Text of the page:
“Antitrust law provides remedies to prevent extreme concentration or the abuse of market power,” said Bharat Ramamurti, deputy director of the National Economic Council. One thing the administration can do and has done is “appoint people who intend to enforce antitrust laws robustly,” he said, noting that price-fixing investigations have been pursued in similar cases in the past.
This week, President Joe Biden called for hearings to investigate the meat industry, which has seen extreme price hikes during the pandemic.
“I’m urging the Congress to hold hearings as to the concentration of power in a few hands controlling the food processing side of the equation,” he said in an interview Tuesday with local TV station WHIO-TV of Dayton, Ohio.
The administration has already taken several actions to begin to address concentration in the meatpacking industry, such as more robust enforcement of the Packers and Stockyard Act, which sets fair competition and trade practices in the livestock, meat, and poultry markets; reporting on beef-processor prices; and providing grants to smaller processors to increase capacity.
Major beef processor Cargill denied the White House claims that there was insufficient competition in the market.
“It is a supply-and-demand-driven market, and so to suggest that there’s manipulation or taking advantage, I just don’t agree with it,” CEO Dave MacLennan told Bloomberg this week.
In late November, the Federal Trade Commission announced a wide probe into the grocery industry, asking nine key players to provide “detailed information to help the FTC shed light on the causes behind ongoing supply chain disruptions and how these disruptions are causing serious and ongoing hardships for consumers and harming competition in the U.S. economy.” The agency sent the orders to Walmart, Amazon, Kroger, C&S Wholesale Grocers, Associated Wholesale Grocers, McLane Co., Procter & Gamble, Tyson Foods and Kraft Heinz.
Alleged anti-competitive behavior by larger supermarkets has also driven up the cost of gas and extended travel times for customers who must drive further to get essential and at-times hard-to-find items like paper products and meat that “power buyers” have muscled away from smaller stores, local and regional grocers complained during a recent open hearing by the FTC.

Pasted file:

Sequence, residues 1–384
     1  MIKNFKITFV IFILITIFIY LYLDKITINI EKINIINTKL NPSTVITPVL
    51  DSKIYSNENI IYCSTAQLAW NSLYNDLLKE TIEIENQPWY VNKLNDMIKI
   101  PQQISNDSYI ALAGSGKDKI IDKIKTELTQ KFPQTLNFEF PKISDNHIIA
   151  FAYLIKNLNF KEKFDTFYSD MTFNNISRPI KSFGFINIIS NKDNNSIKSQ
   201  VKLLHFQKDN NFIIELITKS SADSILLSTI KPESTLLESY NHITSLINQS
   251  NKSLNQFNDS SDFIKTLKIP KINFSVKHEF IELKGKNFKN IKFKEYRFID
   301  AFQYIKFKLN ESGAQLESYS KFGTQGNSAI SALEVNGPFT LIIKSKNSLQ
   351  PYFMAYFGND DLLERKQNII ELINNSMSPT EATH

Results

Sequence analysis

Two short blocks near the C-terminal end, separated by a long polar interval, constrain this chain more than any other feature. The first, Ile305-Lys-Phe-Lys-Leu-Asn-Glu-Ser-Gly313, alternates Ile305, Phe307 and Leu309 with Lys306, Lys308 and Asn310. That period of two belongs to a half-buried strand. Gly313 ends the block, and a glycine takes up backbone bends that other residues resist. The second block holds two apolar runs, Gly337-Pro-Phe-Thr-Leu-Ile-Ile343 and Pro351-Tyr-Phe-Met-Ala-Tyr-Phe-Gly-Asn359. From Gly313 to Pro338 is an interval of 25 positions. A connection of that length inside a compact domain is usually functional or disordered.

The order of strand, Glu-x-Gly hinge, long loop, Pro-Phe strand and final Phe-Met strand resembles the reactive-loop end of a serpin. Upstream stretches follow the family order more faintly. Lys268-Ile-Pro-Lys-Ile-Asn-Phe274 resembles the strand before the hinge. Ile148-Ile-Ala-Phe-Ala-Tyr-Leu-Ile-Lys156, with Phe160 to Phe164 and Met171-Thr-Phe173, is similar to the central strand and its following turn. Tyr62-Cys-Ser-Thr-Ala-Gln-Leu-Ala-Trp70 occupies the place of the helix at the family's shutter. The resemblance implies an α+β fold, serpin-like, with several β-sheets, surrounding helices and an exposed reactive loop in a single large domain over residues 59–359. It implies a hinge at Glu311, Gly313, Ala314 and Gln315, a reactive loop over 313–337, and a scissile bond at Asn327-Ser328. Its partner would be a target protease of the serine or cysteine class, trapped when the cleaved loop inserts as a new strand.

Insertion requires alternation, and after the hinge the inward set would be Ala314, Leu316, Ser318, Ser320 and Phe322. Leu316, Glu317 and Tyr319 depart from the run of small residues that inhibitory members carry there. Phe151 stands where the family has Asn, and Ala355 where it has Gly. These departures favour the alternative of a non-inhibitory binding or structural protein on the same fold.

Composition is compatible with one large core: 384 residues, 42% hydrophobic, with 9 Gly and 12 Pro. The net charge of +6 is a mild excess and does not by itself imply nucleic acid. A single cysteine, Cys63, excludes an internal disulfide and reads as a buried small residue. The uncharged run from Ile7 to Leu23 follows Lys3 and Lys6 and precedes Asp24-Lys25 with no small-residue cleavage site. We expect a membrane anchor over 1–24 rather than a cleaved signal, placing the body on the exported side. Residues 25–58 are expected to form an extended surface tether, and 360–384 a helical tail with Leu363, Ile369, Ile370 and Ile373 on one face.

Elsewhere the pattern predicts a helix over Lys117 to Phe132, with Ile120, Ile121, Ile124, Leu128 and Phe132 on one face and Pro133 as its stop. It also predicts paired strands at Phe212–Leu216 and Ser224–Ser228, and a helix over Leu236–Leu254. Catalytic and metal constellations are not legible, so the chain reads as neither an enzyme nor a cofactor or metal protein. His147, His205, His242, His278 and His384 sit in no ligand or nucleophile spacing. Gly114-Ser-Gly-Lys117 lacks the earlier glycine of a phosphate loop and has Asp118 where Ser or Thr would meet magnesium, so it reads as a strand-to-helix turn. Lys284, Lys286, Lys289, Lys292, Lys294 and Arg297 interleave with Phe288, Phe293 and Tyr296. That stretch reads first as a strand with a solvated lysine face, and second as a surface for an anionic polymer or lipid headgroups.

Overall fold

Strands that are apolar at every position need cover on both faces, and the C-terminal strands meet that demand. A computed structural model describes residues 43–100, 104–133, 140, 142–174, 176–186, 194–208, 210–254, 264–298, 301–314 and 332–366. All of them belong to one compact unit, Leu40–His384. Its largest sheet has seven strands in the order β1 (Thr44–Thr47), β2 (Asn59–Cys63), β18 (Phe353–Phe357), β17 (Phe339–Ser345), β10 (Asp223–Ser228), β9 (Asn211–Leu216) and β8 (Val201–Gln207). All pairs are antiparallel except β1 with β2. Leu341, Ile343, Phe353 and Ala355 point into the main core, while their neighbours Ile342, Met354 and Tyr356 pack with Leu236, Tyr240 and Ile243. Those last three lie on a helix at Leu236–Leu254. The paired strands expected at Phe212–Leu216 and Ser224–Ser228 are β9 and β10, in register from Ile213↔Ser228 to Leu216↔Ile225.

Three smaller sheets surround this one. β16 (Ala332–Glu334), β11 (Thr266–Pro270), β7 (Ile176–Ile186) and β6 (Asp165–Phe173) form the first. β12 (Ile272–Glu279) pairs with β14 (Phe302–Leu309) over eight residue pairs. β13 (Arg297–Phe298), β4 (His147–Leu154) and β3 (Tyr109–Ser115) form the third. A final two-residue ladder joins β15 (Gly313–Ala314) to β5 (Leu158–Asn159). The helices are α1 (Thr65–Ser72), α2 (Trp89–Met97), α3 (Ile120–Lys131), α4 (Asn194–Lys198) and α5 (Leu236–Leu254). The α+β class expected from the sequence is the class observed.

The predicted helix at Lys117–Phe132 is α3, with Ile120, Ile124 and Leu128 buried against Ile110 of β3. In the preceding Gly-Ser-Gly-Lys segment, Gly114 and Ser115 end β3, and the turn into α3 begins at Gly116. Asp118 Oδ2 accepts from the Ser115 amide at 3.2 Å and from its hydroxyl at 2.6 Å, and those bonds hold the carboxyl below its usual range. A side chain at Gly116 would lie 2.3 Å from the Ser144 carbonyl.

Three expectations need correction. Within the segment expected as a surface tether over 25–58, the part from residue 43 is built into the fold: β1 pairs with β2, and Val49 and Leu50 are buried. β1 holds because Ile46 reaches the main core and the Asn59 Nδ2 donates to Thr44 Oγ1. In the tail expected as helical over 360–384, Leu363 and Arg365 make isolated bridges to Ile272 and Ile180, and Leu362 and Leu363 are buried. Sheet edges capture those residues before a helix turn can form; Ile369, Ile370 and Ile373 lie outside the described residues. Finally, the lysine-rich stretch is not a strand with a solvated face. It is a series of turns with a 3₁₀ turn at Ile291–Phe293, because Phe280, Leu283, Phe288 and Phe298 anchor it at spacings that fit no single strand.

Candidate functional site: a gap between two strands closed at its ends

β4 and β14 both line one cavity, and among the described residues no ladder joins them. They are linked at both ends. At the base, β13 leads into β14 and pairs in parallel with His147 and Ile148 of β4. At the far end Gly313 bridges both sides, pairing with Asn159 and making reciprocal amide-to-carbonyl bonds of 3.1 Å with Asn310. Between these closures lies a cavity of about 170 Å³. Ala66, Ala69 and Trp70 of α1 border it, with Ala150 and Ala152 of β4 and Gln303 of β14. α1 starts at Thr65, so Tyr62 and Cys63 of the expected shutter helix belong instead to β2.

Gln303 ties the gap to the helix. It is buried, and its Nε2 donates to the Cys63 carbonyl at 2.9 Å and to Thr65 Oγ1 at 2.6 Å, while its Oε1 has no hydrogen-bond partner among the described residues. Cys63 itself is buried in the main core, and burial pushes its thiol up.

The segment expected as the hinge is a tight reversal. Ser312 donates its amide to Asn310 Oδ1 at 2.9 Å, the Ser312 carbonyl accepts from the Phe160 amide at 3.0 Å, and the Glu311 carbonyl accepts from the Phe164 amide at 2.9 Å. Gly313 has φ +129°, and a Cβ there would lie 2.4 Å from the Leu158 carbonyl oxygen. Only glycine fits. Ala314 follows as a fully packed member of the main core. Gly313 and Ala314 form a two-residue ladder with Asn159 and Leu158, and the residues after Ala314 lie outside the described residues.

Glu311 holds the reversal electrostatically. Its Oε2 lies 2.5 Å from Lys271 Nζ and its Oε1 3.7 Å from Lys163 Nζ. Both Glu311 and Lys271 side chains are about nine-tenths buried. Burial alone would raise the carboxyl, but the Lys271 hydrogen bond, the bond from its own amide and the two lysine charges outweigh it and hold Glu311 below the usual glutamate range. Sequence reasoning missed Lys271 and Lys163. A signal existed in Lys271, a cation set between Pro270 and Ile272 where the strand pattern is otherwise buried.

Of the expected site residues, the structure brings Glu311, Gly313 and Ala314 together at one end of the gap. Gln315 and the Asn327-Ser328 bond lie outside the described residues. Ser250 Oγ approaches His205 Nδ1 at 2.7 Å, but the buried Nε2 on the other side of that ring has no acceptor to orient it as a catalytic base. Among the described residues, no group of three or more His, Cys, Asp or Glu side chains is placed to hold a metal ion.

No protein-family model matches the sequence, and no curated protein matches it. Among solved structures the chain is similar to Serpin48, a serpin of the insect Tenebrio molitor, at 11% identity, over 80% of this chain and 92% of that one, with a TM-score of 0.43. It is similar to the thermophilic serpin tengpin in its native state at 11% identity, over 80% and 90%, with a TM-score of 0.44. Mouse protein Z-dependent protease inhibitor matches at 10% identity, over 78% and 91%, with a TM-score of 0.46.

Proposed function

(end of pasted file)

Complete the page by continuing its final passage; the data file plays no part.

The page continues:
Members of the National Grocers Association, an industry trade group, charge that larger chains have been effectively hoarding hard-to-find items, demanding that manufacturers and wholesalers supply them first. Smaller stores are left to accept smaller allocations, or none at all.
Jimmy Wright, president of Wright’s Market, an independent grocer in Opelika, Alabama, told NBC News that while his business doubled overnight when the pandemic hit, he has struggled to keep items on the shelves.
He finds himself consistently at the back of the line when items are in short supply, he said. While the big chains gets their orders filled, Wright says he only gets a small allocation. And when the shortages are such that the big chains only get smaller allocations, then his orders go unfilled.
When Mason jars became a hot item from consumers jumping into canning during the pandemic, his supplier sent him a letter saying that due to “unprecedented levels of demand” they would be cutting him off for five months “in order to allow our production team to build inventory.”
But Wright said when he walked into a large retailer across town, he saw that the jars were being featured in a prominent end-cap display.
“Power buyers have so much influence over manufacturers, and smaller retailers like me can’t get ahead,” Wright said.
“There’s nothing more disappointing to me than, in the middle of this crisis, when we’re always the first to take care of the community, to look people in the face and say I can’t help you because I don’t have product in store.”